Have you ever walked into a room and couldn’t remember what you went in there for? Or maybe you’ve grasped the hand of a potential client and, when the handshake broke, their name seemed to disappear from your memory? Have you ever left a meeting with a prospect only to remember a key point that you should have shared with them as you drove away?
Of course you have—we all have. However, I have some great news for you. Your memory is nowhere near as bad as you may think it is.
At one point, I was a guest at a radio station in Waco, Texas. The disc jockey wrote a 50-digit number on a sheet of paper, read it to his listening audience and then played a three-minute song.
As the listeners enjoyed the song I memorized the 50-digit number. When the song was over and we went back live on the air, I handed him the paper. I then proceeded to say the number forward and backward. The disc jockey looked at me in utter disbelief and said, “Ron… you are incredible!”
I looked him straight in the eye and replied, “You know… you are right!”
“Jay, the greatest computer ever created does not come from Dell or Apple. The greatest computer ever created does not sit on the assembly line of a computer factory. Instead, you and I are the greatest computers ever created. And yes… you are right. I am incredible… but so are you,” I said.
The human memory has the ability to memorize thousands of numbers, a full set of lines in a Shakespearean play or even entire buildings and landscapes—but the question is, are you doing these things? If not, the reason is possibly because you have not been trained to.
The method of loci
Around 2,500 years ago a Greek named Simonides developed the method of loci—also known as the memory palace technique—though similar memorization methods existed long before Simonides. With this method, you create a floor plan of whatever place will become your memory palace, choosing and memorizing locations and objects along your path. Once you’ve created your path and selected objects, associate memories or information to the object or location they have some subjective connection with. You can also imagine yourself placing the items you need to recall along a linear path around your memory palace.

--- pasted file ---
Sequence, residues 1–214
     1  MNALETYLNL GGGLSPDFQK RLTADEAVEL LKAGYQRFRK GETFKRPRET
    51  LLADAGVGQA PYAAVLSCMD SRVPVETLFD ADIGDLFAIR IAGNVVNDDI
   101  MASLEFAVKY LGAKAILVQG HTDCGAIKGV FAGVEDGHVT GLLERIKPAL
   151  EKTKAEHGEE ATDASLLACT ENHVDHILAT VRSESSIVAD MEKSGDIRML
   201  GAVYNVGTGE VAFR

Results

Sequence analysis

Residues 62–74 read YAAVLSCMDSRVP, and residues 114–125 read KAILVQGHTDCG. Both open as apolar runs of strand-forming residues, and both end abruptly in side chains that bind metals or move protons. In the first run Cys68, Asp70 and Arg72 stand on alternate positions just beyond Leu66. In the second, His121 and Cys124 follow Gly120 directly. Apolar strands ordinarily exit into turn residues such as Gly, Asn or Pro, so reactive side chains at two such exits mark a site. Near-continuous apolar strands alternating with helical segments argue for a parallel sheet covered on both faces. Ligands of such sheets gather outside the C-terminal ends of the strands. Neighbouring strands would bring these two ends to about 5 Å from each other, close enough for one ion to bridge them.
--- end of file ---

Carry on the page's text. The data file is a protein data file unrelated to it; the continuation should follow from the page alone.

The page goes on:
So, let’s say that you are a professional who wants to give a speech without notes. Simply turn the key points into pictures and then file them in your memory according to the method of loci. When you have to to speak, mentally walk through your memory palace, and you’ll discover that you are able to give your talk without notes.
For example, I gave a one-hour keynote in Atlanta at a home-builders conference. I wrote my speech out the night before and filed key points in my memory palace. The first thing I wanted to do was talk about the book How to Win Friends and Influence People, so I visualized the book on my front door. Then, as I mentally walked through my house, I was able to give the one-hour talk without notes. That can work for you as well. Anything that you want to recall, simply turn it into a picture and place it in your memory palace. You are the greatest computer.
This article was published in February 2008 and has been updated. Photo by Roman Samborskyi/Shutterstock